Wednesday, May 3, 2017
Business Recorder editorial May 3, 2017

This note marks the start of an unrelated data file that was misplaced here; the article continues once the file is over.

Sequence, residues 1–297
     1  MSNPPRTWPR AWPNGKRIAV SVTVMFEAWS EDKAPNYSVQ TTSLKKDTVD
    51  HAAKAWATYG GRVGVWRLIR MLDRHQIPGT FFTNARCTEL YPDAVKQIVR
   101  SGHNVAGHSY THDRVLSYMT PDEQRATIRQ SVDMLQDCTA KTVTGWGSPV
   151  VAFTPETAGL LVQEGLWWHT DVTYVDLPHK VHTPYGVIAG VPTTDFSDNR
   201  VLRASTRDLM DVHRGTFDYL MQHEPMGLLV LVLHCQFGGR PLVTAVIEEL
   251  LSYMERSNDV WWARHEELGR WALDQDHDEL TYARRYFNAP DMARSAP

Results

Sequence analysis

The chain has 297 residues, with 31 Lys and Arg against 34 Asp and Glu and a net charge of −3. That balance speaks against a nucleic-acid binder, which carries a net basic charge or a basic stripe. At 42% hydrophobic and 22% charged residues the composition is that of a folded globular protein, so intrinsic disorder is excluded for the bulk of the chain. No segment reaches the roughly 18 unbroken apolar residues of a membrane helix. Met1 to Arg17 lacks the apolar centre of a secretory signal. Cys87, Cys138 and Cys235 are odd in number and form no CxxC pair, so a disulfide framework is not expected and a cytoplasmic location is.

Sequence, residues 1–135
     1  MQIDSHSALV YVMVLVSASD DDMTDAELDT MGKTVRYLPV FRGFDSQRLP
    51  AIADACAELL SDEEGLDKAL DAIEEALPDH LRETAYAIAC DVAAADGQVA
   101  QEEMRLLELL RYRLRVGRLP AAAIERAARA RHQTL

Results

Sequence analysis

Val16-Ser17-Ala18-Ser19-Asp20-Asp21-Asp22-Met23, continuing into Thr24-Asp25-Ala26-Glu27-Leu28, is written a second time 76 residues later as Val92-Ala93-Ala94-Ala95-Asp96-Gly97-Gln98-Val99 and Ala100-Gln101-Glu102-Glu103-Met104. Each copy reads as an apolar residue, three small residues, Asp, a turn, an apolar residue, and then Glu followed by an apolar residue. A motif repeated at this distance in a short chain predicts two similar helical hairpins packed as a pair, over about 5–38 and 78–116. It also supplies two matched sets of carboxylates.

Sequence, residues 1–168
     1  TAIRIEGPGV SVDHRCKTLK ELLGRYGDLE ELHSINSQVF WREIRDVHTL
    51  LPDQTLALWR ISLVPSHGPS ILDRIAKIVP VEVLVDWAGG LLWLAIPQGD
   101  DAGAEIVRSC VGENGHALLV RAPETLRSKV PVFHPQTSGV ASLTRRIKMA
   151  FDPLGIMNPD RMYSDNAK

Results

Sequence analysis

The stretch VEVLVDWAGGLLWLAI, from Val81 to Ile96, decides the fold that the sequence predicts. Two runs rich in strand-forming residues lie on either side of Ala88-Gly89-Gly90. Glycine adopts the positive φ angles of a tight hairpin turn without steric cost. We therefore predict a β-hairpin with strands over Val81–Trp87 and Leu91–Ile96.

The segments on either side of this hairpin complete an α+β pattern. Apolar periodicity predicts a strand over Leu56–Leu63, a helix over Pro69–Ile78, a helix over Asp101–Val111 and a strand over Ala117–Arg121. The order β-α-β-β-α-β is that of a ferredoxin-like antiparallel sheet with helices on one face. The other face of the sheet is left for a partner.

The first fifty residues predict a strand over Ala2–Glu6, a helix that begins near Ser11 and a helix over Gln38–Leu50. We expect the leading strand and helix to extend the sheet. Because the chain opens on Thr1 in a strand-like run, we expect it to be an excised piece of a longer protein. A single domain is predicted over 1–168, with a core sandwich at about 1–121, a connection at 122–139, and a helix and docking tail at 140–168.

CCI meeting The Council of Common Interests (CCI) met on May 2 after a gap of four months since its last meeting in December 2016. After the 18th Amendment, the CCI is supposed to meet every three months. Hopefully, all the stakeholders will work towards meeting that constitutional requirement. The meeting, chaired by Prime Minister Nawaz Sharif, had all four chief ministers in attendance. Although the chief ministers of Sindh and Khyber Pakhtunkhwa met the prime minister separately before the CCI session to express their reservations about water, power and gas projects, this issue was not taken up in the CCI, which decided to settle only contentious outstanding agenda items rather than fresh problems. The decisions arrived at by the CCI reflected this choice. First and foremost, some major amendments were agreed in the Generation, Transmission and Distribution of Electric Power Act 1997 (known as the NEPRA Act). NEPRA was stripped of its power to independently determine electricity tariffs. In future, NEPRA will have to follow the government’s directions in determining tariffs. An “independent panel” would be formed that could challenge NEPRA’s decisions. Reportedly, the changes were not shared with NEPRA before the CCI meeting, although a NEPRA team had been invited to present a “State of Industry Report” but that could not be taken up. Chief Minister Punjab Shahbaz Sharif criticized the regulator for inefficiency, which had hampered private sector investment. He said his government had been recently able to bring down the solar power tariff to less than six cents per unit, a role that should have been played by NEPRA. Chief Minister Sindh Murad Ali Shah also criticised NEPRA for creating irritants for renewable energy and pushing the Thar coal projects. To cut NEPRA’s regulatory powers, another amendment has been made to Section 31(4) of the Act, freeing the federal government from being bound to seek review of any determination within 15 days, failing which the determination was deemed to have been notified automatically. A new clause in the Act empowers the federal government to impose a surcharge on any consumer category, to be collected by the power distribution companies. The government can use such surcharge for “discharging public service obligations” (a very broad term). This clause is intended to address challenges arising out of judicial intervention against three surcharges for debt servicing, tariff equalisation, etc, surcharges that constitute virtual taxation without proper authorization or representation. It was agreed in principle that the provinces would have their own power regulatory bodies instead of a national regulator since electricity is a provincial subject under the Federal Legislative List-II. Chief Minister Sindh Murad Ali Shah gave up his demand for full federal financing of the Rs 177 billion flood protection plan as advocated by his predecessor Qaim Ali Shah after the three other provinces sided with the Centre for sharing the burden 50-50. The plan had been thrice deferred by the CCI in the past because of such financing disputes. The CCI unanimously decided to punish the corrupt elements responsible for the messed up Kachhi Canal project, heard the prime minister dilate on the sorry track record of delays and inefficiencies in project management, deferred the higher education regime issue till the provinces had discussed it with Planning Minister Ahsan Iqbal, discussed LNG import, the ongoing census and the threat to water needs and food security emanating from climate change. Even this brief perusal of the deliberations of the CCI proves the efficacy and importance of the institution. This is even more critical at a time when the 2013 elections have thrown up a fractured mandate, with the PML-N in power at the Centre and in Punjab, in a coalition government in Balochistan, and with the PPP and PTI in power in Sindh and Khyber Pakhtunkhwa respectively. The CCI is clearly the platform intended for, and able to, mediate differences and conflict amongst the provinces and between the provinces and the Centre. All stakeholders, in recognition of this role, must ensure the CCI meets according to its constitutionally laid down interval of three months. Many of the old, and some new, issues that are on the national agenda lend themselves to positive resolution in the CCI.